I never actually committed to hang out that night. I never said I couldn’t hang out either, though, so the plan proceeded. Leading up to the day, I was nervous but hopeful. Maybe I could go. Maybe I wouldn’t get the feeling. Then the day arrived, and I started to feel it: conviction. I was wrestling all day, wondering whether it was the hangout being targeted or something else, and I couldn’t quite make up my mind. As the time to leave grew closer, I was struggling, feeling like I should probably reach out and cancel but not wanting to let my friends down. But I was torn. “Whatever does not proceed from faith is sin,” right (Romans 14:23)? That’s what Paul said. And I definitely didn’t have faith that this was an okay move.
Then it happened. The time to leave arrived, and I stood up and started heading to meet my friends. And surprisingly, I felt peace.
That was a turning point for me. Until then, I’d assumed that if I felt convicted about something, then I needed to step away. To proceed, I thought, would be to act against the guidance of the Holy Spirit and would be blatant sin against God. But if I acted in spite of my feelings in this instance and felt not condemnation but peace, maybe my perception was off. Maybe I wasn’t interpreting these feelings and thoughts correctly.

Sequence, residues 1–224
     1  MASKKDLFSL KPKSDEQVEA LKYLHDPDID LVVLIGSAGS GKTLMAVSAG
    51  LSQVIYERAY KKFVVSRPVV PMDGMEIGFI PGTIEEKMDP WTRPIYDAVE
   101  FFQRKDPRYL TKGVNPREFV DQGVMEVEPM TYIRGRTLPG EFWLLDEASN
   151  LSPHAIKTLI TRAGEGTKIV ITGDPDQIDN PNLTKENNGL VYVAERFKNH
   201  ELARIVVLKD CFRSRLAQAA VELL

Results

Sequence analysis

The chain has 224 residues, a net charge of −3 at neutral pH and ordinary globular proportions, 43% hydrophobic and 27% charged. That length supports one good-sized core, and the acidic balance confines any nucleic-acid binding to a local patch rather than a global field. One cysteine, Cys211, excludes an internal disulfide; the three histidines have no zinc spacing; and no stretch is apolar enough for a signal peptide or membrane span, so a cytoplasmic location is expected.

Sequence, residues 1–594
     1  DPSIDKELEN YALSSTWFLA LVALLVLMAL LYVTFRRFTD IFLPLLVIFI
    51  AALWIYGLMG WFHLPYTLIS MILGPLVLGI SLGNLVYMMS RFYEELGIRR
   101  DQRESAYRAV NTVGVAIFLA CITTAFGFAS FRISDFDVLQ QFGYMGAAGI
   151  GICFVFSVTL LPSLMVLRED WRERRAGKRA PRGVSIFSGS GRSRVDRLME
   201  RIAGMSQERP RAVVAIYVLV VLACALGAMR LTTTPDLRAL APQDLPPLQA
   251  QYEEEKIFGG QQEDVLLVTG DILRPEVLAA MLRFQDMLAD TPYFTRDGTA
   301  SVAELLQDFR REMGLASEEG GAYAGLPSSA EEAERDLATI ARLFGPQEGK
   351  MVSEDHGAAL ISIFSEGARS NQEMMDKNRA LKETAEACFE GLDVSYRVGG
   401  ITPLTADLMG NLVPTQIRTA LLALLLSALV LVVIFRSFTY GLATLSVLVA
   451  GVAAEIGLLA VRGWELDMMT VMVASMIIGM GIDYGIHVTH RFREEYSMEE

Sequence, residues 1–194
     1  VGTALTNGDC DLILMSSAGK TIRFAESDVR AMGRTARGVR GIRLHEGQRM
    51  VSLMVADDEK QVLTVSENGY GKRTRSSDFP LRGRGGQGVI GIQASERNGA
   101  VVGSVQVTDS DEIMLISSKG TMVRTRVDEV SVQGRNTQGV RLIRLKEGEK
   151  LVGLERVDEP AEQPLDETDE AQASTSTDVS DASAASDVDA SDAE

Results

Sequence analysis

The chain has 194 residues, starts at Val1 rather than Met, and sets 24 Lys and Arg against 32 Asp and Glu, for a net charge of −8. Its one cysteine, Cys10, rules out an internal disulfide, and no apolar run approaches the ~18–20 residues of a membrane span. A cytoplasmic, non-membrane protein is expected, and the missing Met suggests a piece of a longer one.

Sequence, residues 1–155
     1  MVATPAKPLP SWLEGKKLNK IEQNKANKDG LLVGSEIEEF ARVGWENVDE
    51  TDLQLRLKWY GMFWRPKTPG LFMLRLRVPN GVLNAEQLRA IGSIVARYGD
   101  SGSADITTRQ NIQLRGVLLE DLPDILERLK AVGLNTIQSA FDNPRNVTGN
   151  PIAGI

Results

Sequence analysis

I say the turning point was there, but I’d noticed some indicators that something was off prior to this point. Conviction often seemed to point in some pretty odd directions, some of which seemed like they’d lead to discomfort and harm that seemed out of line with the way the Lord appeared to work.
For example, I felt the need to confess things to people regularly. I felt conviction when I pursued romantic relationships, and I felt compelled to share my convictions along with my conclusion that God must not want me to pursue such a relationship. I felt convicted about my thoughts toward people, and I believed God wanted me to confess those thoughts to those individuals. In many cases, the things I felt compelled to confess weren’t things that really needed to be confessed. I’d see someone, think of a thought I’d had about them that wasn’t right, and feel compelled to tell them what I’d thought, even if it seemed like doing so would lead to discomfort for them. Internal attitudes and intrusive thoughts—things I needed to work through with the Lord and with trusted friends—suddenly became the object of my obsessions, and I felt I needed to share them, no matter how uncomfortable the sharing might make me or those around me.